Under the Death Valley Days title, the program was sponsored by Pacific Coast Borax Company, which during the program's run changed its name to U.S. Borax Company following a merger. Advertisements for the company's best-known products, 20 Mule Team Borax, a laundry additive, Borateem, a laundry detergent, and Boraxo, a powdered hand soap, were often done by the program's host. Death Valley was the scene of much of the company's borax mining operations. The "20-Mule Team Borax" consumer products division of U.S. Borax was eventually bought out by the Dial Corporation, which as of 2014, as a division of the German consumer products concern Henkel, still manufactures and markets them.
Death Valley Days is by far the most successful syndicated television Western, the most successful television Western ever in the half-hour format, and one of the longest-running and most successful of all scripted syndicated series. The end of the series, coupled with the concurrent end of Gunsmoke, marked the end of the traditional Western era in American television; by the mid-1970s, although Western elements were still fairly common in modern series, pure Western series were a thing of the past.
The stories used in the series were based on actual events. For example, the episode titled "Death Valley Scotty" was based on the record-breaking run of the 1905 Scott Special, chartered by Walter E. Scott, a.k.a. "Death Valley Scotty".
- Tol Avery appeared twice on the series, as Frank Brenner in "The Resurrection of Deadwood Dick" and as Walter Benson in "Doc Holliday's Gold Bars" (both 1966).
- Ray Boyle in "Yaller" and "Twelve Pound Nugget" (both 1954)
- Conlan Carter portrayed L. Frank Baum, the creator of The Wizard of Oz, in a 1970 episode.
- Dennis Cross appeared three times in episodes "Treasure of Elk Canyon" (1961), and "Captain Dick Mine" and "The Rider" (both 1965).
- Ben Cooper appeared as Jason Tugwell in the 1969 episode "Biscuits and Billy the Kid".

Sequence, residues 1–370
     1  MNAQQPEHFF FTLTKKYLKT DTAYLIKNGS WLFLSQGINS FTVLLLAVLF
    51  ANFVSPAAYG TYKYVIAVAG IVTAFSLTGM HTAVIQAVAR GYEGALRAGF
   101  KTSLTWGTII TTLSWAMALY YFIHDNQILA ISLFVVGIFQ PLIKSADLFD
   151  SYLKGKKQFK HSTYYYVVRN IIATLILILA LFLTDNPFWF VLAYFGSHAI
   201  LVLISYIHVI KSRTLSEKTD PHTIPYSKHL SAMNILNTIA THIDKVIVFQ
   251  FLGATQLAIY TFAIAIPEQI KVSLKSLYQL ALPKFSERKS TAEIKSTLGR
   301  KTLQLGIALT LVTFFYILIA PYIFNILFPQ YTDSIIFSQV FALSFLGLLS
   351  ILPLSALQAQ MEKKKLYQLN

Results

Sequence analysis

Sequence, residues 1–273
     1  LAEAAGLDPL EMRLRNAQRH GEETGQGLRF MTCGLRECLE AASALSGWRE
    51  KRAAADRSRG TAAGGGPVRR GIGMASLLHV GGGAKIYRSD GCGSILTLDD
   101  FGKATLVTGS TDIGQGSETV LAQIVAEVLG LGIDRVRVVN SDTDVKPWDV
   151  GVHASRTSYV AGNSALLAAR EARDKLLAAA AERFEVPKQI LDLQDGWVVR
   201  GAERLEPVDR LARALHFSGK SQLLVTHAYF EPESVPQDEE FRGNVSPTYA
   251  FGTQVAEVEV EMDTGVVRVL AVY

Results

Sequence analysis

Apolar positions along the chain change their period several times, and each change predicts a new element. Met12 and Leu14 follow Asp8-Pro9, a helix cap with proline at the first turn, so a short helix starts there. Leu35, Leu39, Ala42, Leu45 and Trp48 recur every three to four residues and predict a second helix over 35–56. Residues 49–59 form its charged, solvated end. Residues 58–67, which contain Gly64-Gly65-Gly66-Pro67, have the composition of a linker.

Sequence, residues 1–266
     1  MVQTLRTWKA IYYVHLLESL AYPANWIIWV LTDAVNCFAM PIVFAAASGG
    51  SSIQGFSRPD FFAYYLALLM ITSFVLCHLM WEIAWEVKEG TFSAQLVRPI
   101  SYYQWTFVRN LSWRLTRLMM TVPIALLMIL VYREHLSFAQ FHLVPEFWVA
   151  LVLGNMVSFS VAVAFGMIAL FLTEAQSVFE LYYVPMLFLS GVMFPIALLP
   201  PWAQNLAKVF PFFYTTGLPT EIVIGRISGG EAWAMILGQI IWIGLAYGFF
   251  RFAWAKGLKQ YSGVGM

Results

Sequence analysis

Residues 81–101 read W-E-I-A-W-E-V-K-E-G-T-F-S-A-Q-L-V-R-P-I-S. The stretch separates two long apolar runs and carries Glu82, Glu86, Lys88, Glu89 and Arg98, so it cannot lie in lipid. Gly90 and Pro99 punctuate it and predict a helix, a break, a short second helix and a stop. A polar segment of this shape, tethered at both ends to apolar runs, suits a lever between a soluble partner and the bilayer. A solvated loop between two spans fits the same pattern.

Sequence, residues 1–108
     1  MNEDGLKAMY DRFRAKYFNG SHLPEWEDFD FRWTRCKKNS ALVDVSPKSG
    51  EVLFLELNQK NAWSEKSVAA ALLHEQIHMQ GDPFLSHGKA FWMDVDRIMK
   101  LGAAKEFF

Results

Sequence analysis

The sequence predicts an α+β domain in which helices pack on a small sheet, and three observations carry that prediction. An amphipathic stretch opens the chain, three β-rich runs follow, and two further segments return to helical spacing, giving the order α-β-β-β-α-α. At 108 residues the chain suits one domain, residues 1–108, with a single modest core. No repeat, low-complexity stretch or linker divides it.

- Jim Davis, later Jock Ewing on Dallas, portrayed a U.S. representative from Nevada in the episode "Little Washington", set in 1878 in Carson City. He also starred in the 1966 episode "Brute Angel", along with Robert Wilke.
- Yvonne DeCarlo played the title role in the 1962 episode "The Lady was an M.D."
- Angie Dickinson, Lane Bradford and Carol Thurston in "Sequoia" (1954)
- John Doucette portrayed Apache Chief Geronimo in the 1961 episode "Gamble with Death". His co-stars included Dick Sargent and Tom Greenway.
- Ross Elliott played lawyer Temple Houston in "The Reluctant Gun" (1959), some four years before Jeffrey Hunter played the part in an NBC western series of the same name.
- Ron Foster appeared as Silas Begg in the 1957 episode "Rough and Ready".
- Ron Hagerthy, formerly of Sky King, appeared as Felix in the 1958 episode "Old Gabe".
- Ron Hayes appeared as Dan Bartlett in the 1960 episode "Devil's Bar".
- Rodolfo Hoyos, Jr., was cast as Governor Manuel Armijo in "La Tules" (1962).
- Brad Johnson appeared five times on Death Valley Days, including the role of Bill Tilghman in the 1960 episode "The Wedding Dress".
- Chubby Johnson, as Jake in "The Tenderfoot" (1968) and as Davis in "The Other Side of the Mountain" (1969)
- I. Stanford Jolley, five appearances, as J. V. Langley in "The Kickapoo Run" (1954), as Colby in "California's First Ice Man" (1955), as a guide in "California Gold Rush in Reverse" (1957), and in the final role of Bart Taylor in "Eruption at Volcano" (1959)